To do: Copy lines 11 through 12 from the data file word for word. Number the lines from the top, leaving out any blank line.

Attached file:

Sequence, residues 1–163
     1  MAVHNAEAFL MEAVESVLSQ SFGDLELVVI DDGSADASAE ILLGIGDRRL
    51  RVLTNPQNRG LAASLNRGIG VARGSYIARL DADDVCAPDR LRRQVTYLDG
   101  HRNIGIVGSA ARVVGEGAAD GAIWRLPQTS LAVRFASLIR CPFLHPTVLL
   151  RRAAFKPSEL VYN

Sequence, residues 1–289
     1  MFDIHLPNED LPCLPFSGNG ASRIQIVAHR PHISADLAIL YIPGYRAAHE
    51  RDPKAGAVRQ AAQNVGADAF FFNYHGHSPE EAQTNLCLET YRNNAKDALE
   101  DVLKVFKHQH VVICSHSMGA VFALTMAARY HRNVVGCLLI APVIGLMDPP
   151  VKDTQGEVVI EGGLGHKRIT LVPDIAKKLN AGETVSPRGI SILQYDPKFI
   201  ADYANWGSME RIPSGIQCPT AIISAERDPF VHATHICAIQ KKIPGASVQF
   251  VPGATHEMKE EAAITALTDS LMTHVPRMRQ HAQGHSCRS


   201  ADYANWGSME RIPSGIQCPT AIISAERDPF VHATHICAIQ KKIPGASVQF
   251  VPGATHEMKE EAAITALTDS LMTHVPRMRQ HAQGHSCRS